A mathematical model (Core Model) is presented that describes the gross dynamic behavior of the demographic transition—falling death rates lead to population increase, temporarily rising birth rates, temporarily increased population growth, decreased
Scientists have taken an important step towards the possibility of creating synthetic life with the development of a form of artificial evolution in a simple chemistry set without DNA.
A team from the University of Glasgow’s School of Chemistry report in a new paper in the journal Nature Communications today (Monday 8 December) on how they have managed to create an evolving chemical system for the first time. The process uses a robotic ‘aid’ and could be used in the future to ‘evolve’ new chemicals capable of performing specific tasks.
The researchers used a specially-designed open source robot based upon a cheap 3D printer to create and monitor droplets of oil in water-filled Petri dishes in their lab. Each droplet was composed from a slightly different mixture of four chemical compounds.
Droplets of oil move in water like primitive chemical machines, transferring chemical energy to kinetic energy. The researchers’ robot used a video camera to monitor, process and analyse the behaviour of 225 differently-composed droplets, identifying a number of distinct characteristics such as vibration or clustering.
The team picked out three types of droplet behavior – division, movement and vibration – to focus on in the next stage of the research. They used the robot to deposit four droplets of the same composition, then ranked the droplets in order of how closely they fit the criteria of behaviour identified by the researchers. The chemical composition of the ‘fittest’ droplet was then carried over into a second generation of droplets, and the process of robotic selection was begun again.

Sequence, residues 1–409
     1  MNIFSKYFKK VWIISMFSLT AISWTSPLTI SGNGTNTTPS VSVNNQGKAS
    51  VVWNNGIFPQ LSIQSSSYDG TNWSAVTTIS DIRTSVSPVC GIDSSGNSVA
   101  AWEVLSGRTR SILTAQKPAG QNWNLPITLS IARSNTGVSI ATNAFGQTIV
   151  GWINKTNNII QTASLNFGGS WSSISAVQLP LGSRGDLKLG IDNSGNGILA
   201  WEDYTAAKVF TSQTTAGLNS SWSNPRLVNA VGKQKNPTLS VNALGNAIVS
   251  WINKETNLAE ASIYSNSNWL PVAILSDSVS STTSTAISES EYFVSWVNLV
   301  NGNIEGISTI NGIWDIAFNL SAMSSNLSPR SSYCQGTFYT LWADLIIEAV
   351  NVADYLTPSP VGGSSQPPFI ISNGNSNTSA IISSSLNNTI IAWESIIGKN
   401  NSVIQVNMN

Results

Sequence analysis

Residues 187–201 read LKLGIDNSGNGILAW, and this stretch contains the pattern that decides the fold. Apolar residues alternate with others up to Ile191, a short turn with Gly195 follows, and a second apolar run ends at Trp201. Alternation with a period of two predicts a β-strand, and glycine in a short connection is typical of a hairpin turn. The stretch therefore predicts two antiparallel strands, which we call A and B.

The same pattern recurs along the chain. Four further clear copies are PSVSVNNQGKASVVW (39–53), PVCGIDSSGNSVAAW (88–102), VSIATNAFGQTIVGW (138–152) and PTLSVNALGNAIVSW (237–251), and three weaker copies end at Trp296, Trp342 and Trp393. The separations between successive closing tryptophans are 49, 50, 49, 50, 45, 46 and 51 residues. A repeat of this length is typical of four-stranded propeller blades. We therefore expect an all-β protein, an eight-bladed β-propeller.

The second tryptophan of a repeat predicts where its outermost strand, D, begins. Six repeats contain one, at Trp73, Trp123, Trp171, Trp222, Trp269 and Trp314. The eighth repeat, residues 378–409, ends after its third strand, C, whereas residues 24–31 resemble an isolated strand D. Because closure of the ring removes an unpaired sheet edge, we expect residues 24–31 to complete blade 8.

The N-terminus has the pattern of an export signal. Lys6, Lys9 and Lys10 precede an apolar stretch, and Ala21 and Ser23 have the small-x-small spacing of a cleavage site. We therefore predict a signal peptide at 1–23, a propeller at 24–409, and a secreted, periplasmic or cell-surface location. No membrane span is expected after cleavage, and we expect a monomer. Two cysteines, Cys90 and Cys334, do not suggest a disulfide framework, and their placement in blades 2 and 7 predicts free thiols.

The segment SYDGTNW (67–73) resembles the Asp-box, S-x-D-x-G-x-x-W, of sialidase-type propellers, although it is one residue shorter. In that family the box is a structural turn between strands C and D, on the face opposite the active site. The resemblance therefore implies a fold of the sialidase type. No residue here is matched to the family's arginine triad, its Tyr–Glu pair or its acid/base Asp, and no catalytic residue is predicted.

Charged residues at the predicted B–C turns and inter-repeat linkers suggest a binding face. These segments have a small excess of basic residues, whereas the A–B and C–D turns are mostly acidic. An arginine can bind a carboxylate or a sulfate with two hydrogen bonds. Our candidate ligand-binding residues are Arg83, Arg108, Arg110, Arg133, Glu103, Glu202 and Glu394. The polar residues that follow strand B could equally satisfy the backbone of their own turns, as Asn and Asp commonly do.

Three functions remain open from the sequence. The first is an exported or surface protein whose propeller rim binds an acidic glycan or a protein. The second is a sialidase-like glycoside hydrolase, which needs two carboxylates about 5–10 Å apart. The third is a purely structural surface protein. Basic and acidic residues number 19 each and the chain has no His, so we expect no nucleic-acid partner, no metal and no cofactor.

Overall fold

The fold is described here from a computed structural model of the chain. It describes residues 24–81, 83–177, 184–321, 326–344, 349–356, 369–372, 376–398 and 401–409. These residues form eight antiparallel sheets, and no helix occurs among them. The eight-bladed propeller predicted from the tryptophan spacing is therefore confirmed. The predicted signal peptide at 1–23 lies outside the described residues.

Over the course of 20 repetitions of the process, the researchers found that the droplets became more stable, mimicking the natural selection of evolution.
The research team was led by Professor Lee Cronin, the University of Glasgow’s Regius Chair of Chemistry. Professor Cronin said: “This is the first time that an evolvable chemical system has existed outside of biology. Biological evolution has given rise to enormously complex and sophisticated forms of life, and our robot-driven form of evolution could have the potential to do something similar for chemical systems.
The international health community is celebrating what may prove to be a turning point in the global fight against malaria. Deaths from the mosquito-borne disease have been almost halved since the turn of the millennium, according to a new report from the World Health Organization (WHO), with experts saying they’re confident the illness can one day be eradicated entirely.
However, although the malaria mortality rate fell by 47 percent globally and by 54 percent in Africa, the WHO warns that much more still needs to be done. Dozens of countries are reporting insecticide-resistance among their mosquito populations and in Africa — where 90 percent of malaria deaths occur — some 278 million people lack even the basic protection of an insecticide-treated mosquito net.
The disease also continues to disproportionately affect children in poor countries. Of the estimated global malaria death toll of 584,000 in 2013, some 437,000 of those cases were African children under the age of five. However, malaria infections in the African continent have decreased significantly since the year 2000, falling by 23 percent from 173 million to 128 million.
The WHO attributes these gains to the increased spread of established methods, including rapid diagnostic tests (which have risen globally from 46 million 319 million over the past five years); malarial treatment using artemisnin (392 million treatments were bought last year, up from 11 million in 2004); and access to insecticide-treated nets (427 million of which have been distributed in the last two years).